How can we best protect our young people?

Reflections on Life
By Father Jerome LeDoux, SVD
Whisperings were here, there and everywhere. “I have deep misgivings about the funeral. We must be very careful,” some were saying. “This thing is not over yet.”
“They have not yet found the killer,” others were saying ominously. “Revenge killings are sure to follow.” There was a general malaise in the air about the execution-style killing of 19-year-old Shawn Parish and 21-year-old Nakia Ramer, Jr., both of Opelousas, Louisiana.
The hit went down, not in a big city but in the small, unincorporated community of Plaisance, Louisiana. One shot fired into the car penetrated the back of one man’s head. When the second turned to see what happened, a second shot blew into his forehead. Ironically, Plaisance is the French word for pleasance. Sad to say, this kind of marksman belongs in the Mideast theater of war against ISIS.
Unfortunately, I had been to the well more than once before when I served at St. Augustine Church in New Orleans. The worst funeral was that of a 19-year-old who was shot to death on the elevated I-10. The 700-seat church was full and even the standing room was jammed. Six young men dressed impeccably in white with pink trim 3-piece suits, bow ties and white shoes moved in unison with whatever the folks in church did. But their reverence ended with the conclusion of the Mass.
Denser than Mardi Gras, outside the church people were packed like sardines for a couple of blocks in every direction. Although moving among the thousands was extremely difficult, I had to muscle my way to the lead car. Once there, we witnessed in shock the impeccably-dressed young men leap onto the hood of two limousines, then onto the roof, break-dancing and crushing the roofs in. They inflicted $7,000 damage to said limousines before dismounting and melting away.
With Police Chief Donald Thompson and Officer Baxter Iford at hand on October 8, with Holy Ghost Church only about 2/3 full, with no crowd outside, all the young folks there, as well as the old, sported a sad, serious mien, expectant of words of some consequence. I began the funeral sermon with the talk around the town.
“’This is not over yet.’ ‘They have not yet found the killer.’ ‘Revenge killings are sure to follow.’ I’ve been hearing about vendetta – revenge. I do not want to hear this. You do not want to hear this. We do not want to hear this. More killings will not solve or heal anything. On the contrary, more killings will aggravate and make more raw the sorrow, pain and hurt that need a mighty healing!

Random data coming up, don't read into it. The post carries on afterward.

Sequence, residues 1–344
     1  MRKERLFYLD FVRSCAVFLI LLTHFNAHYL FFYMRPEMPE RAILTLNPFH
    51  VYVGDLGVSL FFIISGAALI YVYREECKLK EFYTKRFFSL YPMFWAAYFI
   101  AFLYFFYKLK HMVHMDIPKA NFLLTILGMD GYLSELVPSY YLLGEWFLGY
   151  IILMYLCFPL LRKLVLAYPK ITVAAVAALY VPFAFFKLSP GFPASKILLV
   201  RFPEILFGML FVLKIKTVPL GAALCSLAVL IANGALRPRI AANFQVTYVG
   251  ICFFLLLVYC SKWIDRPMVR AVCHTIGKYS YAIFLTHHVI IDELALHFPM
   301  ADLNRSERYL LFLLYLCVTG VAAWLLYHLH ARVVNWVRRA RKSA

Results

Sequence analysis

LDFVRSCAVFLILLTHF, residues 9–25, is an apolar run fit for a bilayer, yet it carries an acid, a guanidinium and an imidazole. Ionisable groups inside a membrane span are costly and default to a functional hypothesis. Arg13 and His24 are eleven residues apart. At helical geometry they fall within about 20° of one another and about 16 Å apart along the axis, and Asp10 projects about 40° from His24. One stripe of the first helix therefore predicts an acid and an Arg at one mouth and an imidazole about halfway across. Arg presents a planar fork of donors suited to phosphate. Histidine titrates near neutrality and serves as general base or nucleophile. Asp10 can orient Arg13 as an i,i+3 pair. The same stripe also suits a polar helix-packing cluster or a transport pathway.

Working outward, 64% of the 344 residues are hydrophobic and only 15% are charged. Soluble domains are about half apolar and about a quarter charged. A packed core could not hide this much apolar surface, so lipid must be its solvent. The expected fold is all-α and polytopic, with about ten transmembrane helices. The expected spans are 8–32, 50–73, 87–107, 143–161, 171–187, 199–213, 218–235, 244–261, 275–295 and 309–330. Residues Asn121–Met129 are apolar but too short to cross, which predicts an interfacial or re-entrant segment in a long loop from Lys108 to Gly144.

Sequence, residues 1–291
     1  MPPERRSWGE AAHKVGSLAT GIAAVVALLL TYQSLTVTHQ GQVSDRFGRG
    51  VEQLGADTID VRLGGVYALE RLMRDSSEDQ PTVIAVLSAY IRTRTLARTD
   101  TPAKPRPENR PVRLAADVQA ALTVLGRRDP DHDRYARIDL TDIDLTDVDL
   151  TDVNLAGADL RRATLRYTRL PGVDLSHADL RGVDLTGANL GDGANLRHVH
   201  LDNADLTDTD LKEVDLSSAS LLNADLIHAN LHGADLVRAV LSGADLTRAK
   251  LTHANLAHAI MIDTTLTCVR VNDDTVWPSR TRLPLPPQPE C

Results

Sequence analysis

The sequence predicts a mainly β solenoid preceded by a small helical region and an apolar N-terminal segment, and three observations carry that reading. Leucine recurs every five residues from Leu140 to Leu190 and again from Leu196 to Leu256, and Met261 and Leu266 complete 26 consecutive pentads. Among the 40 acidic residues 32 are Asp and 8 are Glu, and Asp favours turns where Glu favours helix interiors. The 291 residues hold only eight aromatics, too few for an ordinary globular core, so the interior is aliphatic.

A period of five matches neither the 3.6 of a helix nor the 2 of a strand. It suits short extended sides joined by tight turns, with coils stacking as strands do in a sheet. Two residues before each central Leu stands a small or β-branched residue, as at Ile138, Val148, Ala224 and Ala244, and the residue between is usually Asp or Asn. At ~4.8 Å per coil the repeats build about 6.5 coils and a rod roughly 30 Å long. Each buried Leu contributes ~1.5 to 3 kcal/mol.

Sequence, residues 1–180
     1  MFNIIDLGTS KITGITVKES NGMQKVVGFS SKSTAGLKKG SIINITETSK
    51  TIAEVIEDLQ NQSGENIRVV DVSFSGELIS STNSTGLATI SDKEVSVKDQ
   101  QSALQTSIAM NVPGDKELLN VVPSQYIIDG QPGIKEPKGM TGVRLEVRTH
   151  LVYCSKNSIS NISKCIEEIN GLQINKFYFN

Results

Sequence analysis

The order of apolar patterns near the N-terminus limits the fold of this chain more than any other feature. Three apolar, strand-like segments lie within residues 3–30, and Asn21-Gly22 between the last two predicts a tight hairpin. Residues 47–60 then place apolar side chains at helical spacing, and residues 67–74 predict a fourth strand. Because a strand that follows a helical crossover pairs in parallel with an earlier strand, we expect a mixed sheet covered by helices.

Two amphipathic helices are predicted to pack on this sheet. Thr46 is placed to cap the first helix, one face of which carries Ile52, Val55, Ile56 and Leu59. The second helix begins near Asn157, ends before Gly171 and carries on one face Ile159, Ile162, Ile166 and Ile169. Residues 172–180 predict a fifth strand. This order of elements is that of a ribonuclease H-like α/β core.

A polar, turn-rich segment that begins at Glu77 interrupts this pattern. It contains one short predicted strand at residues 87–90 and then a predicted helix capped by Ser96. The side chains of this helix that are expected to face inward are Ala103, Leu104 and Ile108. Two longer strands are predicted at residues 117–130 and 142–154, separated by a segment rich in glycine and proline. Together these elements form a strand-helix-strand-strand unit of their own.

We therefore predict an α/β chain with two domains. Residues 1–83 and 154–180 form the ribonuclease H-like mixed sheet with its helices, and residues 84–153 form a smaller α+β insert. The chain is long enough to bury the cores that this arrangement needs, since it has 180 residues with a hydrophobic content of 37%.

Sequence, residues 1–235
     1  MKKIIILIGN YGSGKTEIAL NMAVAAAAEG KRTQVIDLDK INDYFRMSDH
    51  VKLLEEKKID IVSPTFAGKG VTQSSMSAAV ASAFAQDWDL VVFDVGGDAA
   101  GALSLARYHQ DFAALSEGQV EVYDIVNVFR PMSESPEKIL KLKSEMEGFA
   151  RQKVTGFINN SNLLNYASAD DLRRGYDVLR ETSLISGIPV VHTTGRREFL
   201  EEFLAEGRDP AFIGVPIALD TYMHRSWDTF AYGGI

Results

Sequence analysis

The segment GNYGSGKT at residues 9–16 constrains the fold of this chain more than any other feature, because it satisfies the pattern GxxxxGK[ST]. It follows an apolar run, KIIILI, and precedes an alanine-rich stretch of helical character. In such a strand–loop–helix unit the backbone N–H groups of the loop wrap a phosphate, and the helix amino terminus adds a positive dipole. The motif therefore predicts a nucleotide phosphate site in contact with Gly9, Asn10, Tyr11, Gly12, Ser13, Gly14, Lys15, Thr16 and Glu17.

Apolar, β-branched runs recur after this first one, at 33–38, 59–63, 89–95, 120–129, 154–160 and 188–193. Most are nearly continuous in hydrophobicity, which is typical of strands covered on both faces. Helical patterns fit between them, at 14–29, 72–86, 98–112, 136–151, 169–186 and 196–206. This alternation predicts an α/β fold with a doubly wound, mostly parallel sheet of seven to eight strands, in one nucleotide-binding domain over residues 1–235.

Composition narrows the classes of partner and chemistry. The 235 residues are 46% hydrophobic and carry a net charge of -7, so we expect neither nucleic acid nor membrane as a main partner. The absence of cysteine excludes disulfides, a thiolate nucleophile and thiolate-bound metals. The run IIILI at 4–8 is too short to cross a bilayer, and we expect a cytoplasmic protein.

“What we need to hear from all the adults here, especially the more mature, is our resolve to help take care of what we call the extended family or the village. We  have heard repeatedly, ‘It takes a village to rear a child.’ Indeed, we all know just how difficult it is to rear a child, particularly in these days when we have to contend with drugs and the fast, loose life that threatens us even in small towns nowadays.
“We need to hear our resolve, our commitment right now! We need to hear from one another our pledge to one another, but, most importantly, to God that, with God’s help, we will stand next to, stand behind in support, stand before in defense, counsel them in whatever way we can, and defend our children from infancy, to the toddler stage, from childhood to adolescence, to young adulthood. We want to defend them at the risk to our own safety and the possible cost of our own lives.
“Do I hear a pledge from you? Say, ‘I pledge!’ A weak ripple of ‘I pledge’ followed. I repeated ‘I pledge!’ The ripple grew stronger. When I again repeated, the ripple increased to a firm ‘I pledge!’ We just want our children to know that we, the entire village, are firmly and resolutely with them!
Once again, I said, “I pledge!” There was resonance in their pledge. Once more, “I pledge!” An enthusiastic chorus followed. One more time, “I pledge!” That time there was a bit of rumble and drum-like hand-slapping on the seats. It is our fond prayer and hope that a seed of God’s Word and human solidarity is growing into constant care of our children.
Since the hearse had left without me, church head usher Joseph Butler drove me, overtaking the funeral cortège that was mysteriously going in the wrong direction to reach Serenity Memorial Park cemetery. But the route was planned, stopping to transfer Nakia’s body to a horse-drawn hearse, passing the Briford White Eagle in The Hill section of town where Sam Cooke and other singers once starred, stopping at the home of Nakia’s mother, Lisa, where Gospel pieces were sung, reaching the cemetery after an hour and 15 minutes.
After the grave blessing, a sore-foot, barefoot relative read her last tribute to Nakia whose life had come to a premature end. Then dozens of children and adults sprinkled each other with holy water, saying aloud how much each of them needed a powerful blessing.
“God is love, and all who abide in love abide in God and God in them.”   (1 John 4:16)
(Father Jerome LeDoux, SVD, has written “Reflections on Life since 1969.)